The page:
Sep 2016 Saint Lucia / Vieux Fort 8 Skids / 280 Boxes / 42,000 Books 9,600 lbs / 4,354 kg
Sep 2015 Saint Lucia / All 13 Skids / 456 Boxes / 68,400 Books 15,634 lbs / 7,092 kg
May 2014 Grenada / All 6 Skids / 218 Boxes / 32,700 Books 7,474 lbs / 3,390 kg
May 2014 Montserrat / All 5 Skids / 180 Boxes / 27,000 Books 6,171 lbs / 2,799 kg
May 2014 Saint Lucia / All 6 Skids / 206 Boxes / 30,900 Books 7,063 lbs / 3,204 kg
Jan 2014 Saint Lucia / All 5 Skids / 187 Boxes / 28,050 Books 6,411 lbs / 2,908 kg
Jun 2013 Grenada / All 2 Skids / 84 Boxes / 12,600 Books 2,880 lbs / 1,306 kg
May 2013 Saint Lucia / All 3 Skids / 98 Boxes / 14,700 Books 3,360 lbs / 1,524 kg
Mar 2013 Grenada / All 6 Skids / 200 Boxes / 30,000 Books 6,857 lbs / 3,110 kg
Sep 2012 Saint Lucia / All 7 Skids / 240 Boxes / 36,000 Books 8,229 lbs / 3,732 kg

Numbers to Date

Total Books Delivered Total Shipped Weight
401,100 Books 91,679 lbs / 41,584 kg

Reading brings us unknown friends.

Novelist (1799-1850)
And the Winner in Montserrat is....
Marlaina White (Left) announces the Second Annual Rainforest of Reading Award to Illustrator Jan Dolby (Middle) and Author Joyce Grant for "Gabby."

At the moment that we persuade a child, any child to cross...that magic threshold into a library, we change their lives forever.

Out of this world
After reading "Postcards from Outer Space' a student in Montserrat is inspired to be the next Chris Hadfield.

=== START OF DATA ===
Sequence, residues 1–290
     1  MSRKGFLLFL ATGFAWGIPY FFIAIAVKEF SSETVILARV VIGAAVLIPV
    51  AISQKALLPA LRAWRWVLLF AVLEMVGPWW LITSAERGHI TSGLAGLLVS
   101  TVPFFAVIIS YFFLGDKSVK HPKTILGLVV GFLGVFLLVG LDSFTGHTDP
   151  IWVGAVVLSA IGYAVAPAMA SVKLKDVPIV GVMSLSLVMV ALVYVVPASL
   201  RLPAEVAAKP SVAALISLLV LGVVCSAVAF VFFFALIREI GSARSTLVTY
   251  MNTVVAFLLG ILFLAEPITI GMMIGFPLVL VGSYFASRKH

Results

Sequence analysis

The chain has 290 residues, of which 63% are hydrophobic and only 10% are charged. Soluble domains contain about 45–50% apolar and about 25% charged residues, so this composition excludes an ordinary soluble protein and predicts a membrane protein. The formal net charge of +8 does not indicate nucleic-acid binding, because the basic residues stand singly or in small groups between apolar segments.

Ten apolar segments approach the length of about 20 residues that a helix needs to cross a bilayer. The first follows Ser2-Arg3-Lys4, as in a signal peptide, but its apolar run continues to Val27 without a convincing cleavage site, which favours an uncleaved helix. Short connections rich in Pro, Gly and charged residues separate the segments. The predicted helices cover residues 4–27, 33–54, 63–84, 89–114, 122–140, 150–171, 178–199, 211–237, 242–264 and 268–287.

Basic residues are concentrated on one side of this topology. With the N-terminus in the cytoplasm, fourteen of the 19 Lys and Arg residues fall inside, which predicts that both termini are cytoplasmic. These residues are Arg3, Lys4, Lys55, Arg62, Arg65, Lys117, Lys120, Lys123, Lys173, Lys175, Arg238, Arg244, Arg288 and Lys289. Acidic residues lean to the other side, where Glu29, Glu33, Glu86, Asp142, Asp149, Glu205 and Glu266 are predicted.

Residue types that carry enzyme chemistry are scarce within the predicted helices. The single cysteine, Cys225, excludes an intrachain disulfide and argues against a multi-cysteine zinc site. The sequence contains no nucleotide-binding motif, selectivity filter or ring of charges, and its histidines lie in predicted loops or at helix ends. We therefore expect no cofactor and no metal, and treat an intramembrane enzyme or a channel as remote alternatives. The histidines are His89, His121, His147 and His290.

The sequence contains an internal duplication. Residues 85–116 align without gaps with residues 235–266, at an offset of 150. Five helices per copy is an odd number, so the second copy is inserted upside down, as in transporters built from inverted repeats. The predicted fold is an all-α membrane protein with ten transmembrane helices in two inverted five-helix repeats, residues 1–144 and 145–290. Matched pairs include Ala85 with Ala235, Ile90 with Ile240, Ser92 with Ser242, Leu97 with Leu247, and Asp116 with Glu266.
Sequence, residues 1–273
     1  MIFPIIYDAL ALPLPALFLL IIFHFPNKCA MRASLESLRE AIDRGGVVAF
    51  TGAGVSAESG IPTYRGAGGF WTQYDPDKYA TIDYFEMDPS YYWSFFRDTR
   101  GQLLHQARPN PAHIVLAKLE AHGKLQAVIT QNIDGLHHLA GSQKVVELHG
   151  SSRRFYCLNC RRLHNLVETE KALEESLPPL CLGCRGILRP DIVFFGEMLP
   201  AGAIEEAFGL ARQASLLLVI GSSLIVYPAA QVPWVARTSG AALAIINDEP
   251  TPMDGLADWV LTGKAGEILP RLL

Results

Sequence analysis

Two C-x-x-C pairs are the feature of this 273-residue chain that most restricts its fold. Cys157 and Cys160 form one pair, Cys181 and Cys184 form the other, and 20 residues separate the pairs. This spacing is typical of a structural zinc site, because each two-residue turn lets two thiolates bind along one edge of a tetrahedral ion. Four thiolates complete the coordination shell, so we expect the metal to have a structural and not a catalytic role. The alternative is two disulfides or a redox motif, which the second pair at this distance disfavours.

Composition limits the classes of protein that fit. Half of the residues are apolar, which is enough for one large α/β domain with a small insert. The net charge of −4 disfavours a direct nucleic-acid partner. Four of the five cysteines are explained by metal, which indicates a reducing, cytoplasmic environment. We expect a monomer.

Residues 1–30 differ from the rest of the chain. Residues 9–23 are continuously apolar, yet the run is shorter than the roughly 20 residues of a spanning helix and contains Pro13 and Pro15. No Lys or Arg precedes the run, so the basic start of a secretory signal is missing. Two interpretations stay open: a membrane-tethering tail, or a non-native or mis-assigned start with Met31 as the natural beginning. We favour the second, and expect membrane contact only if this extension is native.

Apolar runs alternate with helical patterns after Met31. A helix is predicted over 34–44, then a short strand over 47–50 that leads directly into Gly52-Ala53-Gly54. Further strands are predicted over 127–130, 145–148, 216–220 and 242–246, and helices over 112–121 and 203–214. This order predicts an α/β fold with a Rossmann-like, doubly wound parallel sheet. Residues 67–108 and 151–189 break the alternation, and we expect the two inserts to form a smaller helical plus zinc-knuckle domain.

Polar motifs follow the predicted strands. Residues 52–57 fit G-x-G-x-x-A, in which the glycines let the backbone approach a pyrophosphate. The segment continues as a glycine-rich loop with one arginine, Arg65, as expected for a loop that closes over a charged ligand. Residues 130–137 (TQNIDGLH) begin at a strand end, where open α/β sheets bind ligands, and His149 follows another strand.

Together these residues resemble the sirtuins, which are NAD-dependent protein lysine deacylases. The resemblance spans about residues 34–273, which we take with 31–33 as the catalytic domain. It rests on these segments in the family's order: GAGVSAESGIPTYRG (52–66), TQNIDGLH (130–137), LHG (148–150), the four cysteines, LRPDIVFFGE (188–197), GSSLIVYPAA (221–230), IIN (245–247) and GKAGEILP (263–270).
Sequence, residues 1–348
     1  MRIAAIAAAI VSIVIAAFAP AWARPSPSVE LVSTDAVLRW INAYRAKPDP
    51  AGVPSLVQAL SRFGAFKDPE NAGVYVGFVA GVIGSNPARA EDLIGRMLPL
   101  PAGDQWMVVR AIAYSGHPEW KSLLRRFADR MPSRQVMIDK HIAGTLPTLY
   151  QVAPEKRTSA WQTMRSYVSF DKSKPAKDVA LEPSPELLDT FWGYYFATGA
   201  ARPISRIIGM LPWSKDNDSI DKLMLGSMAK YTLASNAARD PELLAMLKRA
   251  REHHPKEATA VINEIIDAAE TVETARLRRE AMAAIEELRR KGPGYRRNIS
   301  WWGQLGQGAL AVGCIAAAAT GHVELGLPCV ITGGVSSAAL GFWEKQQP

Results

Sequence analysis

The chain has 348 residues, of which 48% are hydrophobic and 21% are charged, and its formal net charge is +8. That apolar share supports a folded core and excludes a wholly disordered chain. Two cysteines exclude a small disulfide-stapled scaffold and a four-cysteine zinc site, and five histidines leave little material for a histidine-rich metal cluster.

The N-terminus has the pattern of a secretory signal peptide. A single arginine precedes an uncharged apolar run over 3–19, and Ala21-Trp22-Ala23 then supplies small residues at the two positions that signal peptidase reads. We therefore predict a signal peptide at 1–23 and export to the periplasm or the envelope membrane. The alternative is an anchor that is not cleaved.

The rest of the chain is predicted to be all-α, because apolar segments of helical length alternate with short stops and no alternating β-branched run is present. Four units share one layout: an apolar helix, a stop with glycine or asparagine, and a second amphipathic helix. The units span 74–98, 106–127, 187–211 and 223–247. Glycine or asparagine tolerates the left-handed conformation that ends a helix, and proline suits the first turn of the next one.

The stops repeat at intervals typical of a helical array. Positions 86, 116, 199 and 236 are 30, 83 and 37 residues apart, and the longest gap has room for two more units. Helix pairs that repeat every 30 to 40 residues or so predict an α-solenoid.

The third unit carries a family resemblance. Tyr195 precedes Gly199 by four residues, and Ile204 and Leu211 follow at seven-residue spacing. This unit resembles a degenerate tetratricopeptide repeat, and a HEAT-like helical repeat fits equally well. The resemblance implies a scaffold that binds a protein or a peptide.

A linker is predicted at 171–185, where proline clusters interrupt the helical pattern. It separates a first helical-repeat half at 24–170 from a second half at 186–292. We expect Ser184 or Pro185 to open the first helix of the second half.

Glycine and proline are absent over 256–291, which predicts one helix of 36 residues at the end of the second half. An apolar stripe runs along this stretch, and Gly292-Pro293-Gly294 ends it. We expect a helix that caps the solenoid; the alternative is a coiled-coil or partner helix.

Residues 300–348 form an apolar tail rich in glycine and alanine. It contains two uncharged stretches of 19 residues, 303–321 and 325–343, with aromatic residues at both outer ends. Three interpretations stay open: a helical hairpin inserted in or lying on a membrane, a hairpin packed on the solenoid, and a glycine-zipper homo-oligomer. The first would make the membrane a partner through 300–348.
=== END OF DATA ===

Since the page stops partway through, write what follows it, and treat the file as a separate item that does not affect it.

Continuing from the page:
Too many people grow up. That's the trouble with the world.


Act as if what you do makes a difference. It does.

Philosopher, Psychologist (1842-1910)

A good book is the best of friends, the same today and forever.

Author (1810-1889)

The future is always beginning now. Each moment is a place you've never been.

Poet (1934-2014)

Start some kind words on its travels. There is no telling where the good it may do will stop.

Sir Wilfred Grenfell
Humanitarian, Medical Missionary (1865-1940)

All I know is what I have words for.

Ludwig Wittgenstein

If you believe what you read...you can, quite literally, believe anything.

Professor, Philosopher (1912-1991)

If you get the right [words] in the right order, you might nudge the world a little.

Sir Tom Stoppard
Challenging literacy development
Although English is the official language of St. Lucia, Krewyol is spoken as much or more outside the classroom.

I read. I travel. I become.

St. Lucian author & 1992 Nobel Laureate

It is by acts and not ideals that people live.

Author (1844-1924)

Life is too deep for words so don't try to describe it, just live it.

C. S. Lewis
Author, The Lion, the Witch and the Wardrobe
Find 52: The Road to Reading in Grenada
In February 2015, Richard ran right around Grenada, a distance of 52 miles. 52 "Mile Captains" raised $40,000.

If we want to make this world a better place, then we have to become better ourselves. There is no easy route.

It's a long story
Books packed by kids in Ontario for their peers in the Caribbean travel 1,800 kilometres by road then another 5,275 kilometres by container ship.

Literacy is, finally, the road to human progress and the means through which every man, woman and child can realize his or her full potential.

Secretary-General of the United Nations (1997-2006)